Second, changes in the overnight interest rate can have asymmetric effects on consumer borrowing and deposit rates because of differences in the consumption and investment habits of savers and borrowers. In addition, banks might absorb interest rate reductions onto their own balance sheet, in the form of lower net interest margins, rather than passing them on to customers.

Beyond the uncertain economic effects, deeply negative nominal rates could create legal problems. In the US, it is uncertain whether negative nominal rates could be characterized as a tax and therefore be viewed as an exercise of fiscal power normally reserved to the legislature. Moreover, and again in the US, in the event that a central bank was granted statutory authority to impose taxes on a discretionary basis, absent a coherent limiting principle, such authorization could still raise constitutional issues concerning the non-delegation of legislative power.

Alternatively, attempts to sidestep the taxation issue by instead establishing an internal exchange rate between physical cash and digital reserves risks violating the legal principle of nominalism by retroactively modifying the nominal face value of certain government obligations vis-à-vis others with respect to their ability to be used to satisfy payments, notably payments to the government, such as taxes, fees, and fines.

Finally, negative interest rates would affect the flow of interest payments from the Treasury to the Central Bank, and, subsequently, the return of net profits from the central bank back to the Treasury. These changes, even if they are budget neutral, may affect the bargaining position of the central bank and ultimately their budgetary independence.

The public debate over negative interest rates has thus far centered around questions of technical feasibility. However, as discussed above, and in more detail in our working paper, there are economic, legal, and institutional hurdles that might hinder the adoption of negative interest rates as a conventional monetary policy tool.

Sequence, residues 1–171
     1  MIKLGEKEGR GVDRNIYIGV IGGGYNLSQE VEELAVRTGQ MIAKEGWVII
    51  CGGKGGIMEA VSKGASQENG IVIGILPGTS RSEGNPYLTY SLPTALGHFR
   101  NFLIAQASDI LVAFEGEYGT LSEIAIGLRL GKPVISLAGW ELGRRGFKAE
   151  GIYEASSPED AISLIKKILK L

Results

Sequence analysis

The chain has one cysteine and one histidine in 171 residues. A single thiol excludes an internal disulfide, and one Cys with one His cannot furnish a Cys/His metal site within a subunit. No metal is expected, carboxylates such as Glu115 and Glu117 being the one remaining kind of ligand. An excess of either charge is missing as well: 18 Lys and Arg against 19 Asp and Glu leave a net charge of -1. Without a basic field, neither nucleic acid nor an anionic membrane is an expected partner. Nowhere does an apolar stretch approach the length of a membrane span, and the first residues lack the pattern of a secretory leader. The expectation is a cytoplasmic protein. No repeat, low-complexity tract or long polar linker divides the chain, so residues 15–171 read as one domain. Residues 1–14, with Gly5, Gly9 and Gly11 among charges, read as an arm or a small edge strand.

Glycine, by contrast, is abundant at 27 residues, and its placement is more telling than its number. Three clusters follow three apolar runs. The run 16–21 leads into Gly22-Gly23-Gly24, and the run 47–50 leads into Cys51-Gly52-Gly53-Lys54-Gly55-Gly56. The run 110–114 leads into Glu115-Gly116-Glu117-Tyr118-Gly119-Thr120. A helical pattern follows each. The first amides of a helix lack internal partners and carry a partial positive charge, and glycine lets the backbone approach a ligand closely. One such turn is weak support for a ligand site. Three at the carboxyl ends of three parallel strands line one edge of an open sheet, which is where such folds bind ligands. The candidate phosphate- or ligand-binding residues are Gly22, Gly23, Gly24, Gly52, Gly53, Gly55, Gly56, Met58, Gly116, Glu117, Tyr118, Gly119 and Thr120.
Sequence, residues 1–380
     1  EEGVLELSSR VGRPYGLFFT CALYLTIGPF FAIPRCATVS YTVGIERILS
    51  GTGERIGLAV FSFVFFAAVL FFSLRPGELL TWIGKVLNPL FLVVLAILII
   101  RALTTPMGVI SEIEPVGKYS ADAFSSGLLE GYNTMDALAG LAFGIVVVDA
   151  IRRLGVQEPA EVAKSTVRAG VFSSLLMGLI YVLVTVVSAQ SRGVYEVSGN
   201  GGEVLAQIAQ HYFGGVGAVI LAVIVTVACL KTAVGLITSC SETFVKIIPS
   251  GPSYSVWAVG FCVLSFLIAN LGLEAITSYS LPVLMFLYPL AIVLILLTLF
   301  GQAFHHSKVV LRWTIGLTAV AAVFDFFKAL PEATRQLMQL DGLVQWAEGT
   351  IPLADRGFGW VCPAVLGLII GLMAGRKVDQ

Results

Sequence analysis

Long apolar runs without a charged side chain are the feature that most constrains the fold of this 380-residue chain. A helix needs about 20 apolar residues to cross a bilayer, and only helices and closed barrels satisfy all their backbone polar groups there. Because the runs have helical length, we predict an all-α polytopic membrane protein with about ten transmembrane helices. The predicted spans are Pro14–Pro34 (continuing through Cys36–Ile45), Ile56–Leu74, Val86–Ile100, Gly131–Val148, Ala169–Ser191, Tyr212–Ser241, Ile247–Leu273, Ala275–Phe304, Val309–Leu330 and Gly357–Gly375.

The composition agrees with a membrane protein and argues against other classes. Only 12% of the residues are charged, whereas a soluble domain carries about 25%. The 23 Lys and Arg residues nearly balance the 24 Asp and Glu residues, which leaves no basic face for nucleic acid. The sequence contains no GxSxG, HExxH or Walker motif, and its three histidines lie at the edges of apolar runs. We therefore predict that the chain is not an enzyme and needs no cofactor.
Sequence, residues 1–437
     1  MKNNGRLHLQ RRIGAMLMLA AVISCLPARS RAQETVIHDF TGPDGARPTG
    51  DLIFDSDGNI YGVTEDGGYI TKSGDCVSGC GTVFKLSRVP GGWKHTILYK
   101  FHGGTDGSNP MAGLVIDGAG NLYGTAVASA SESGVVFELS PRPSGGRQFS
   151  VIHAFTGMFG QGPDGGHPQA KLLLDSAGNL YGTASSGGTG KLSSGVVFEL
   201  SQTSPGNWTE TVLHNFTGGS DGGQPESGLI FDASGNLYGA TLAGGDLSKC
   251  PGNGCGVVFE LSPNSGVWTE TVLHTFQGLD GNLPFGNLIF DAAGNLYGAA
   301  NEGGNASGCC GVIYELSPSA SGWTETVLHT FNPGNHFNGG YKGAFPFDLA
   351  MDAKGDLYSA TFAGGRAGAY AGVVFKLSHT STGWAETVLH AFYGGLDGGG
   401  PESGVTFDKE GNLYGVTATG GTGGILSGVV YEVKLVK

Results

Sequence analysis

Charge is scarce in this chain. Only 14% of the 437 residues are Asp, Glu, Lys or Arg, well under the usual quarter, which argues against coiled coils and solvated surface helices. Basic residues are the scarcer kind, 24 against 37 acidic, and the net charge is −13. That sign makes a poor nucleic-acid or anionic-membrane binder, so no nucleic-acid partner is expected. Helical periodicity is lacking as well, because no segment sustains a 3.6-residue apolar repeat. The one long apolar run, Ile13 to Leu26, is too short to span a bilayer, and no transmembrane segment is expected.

Ayowande McCunn is a DPhil student at the Oxford Faculty of Law conducting research in the broad area of financial regulation.

Rohan Grey is a Research Fellow at the Binzagr Institute for Sustainable Prosperity.

 

[1] See A. Greenspan, (1993), Testimony Before the Subcommittee on Economic Growth and Credit Formation of the U.S. House Committee on Banking, Finance and Urban Affairs, July 20, 1993, p. 11.

[2] See J. Yellen, (2016), The Outlook, Uncertainty, and Monetary Policy, Speech at the Economic Club of New York, March 29, 2016, available at https://www.federalreserve.gov/newsevents/speech/yellen20160329a.htm (‘Although estimates vary both quantitatively and conceptually, the evidence on balance indicates that the economy's "neutral" real rate--that is, the level of the real federal funds rate that would be neither expansionary nor contractionary if the economy was operating near its potential--is likely now close to zero. … The neutral rate is not directly observable. However, we intuitively know that it must have run well below its historical norm in recent years because otherwise the economy would have expanded at a much more rapid pace with the nominal federal funds rate near zero’);